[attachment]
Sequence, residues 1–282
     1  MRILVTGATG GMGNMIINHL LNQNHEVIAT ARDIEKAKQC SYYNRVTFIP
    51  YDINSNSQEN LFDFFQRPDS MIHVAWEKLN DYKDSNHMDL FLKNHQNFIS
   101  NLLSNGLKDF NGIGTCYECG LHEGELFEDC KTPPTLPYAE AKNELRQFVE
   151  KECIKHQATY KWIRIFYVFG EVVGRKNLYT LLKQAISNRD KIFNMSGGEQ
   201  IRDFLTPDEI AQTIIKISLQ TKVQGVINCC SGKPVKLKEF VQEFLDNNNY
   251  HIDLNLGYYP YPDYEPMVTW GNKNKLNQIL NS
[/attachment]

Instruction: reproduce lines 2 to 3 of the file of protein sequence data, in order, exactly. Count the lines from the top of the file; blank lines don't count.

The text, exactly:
     1  MRILVTGATG GMGNMIINHL LNQNHEVIAT ARDIEKAKQC SYYNRVTFIP
    51  YDINSNSQEN LFDFFQRPDS MIHVAWEKLN DYKDSNHMDL FLKNHQNFIS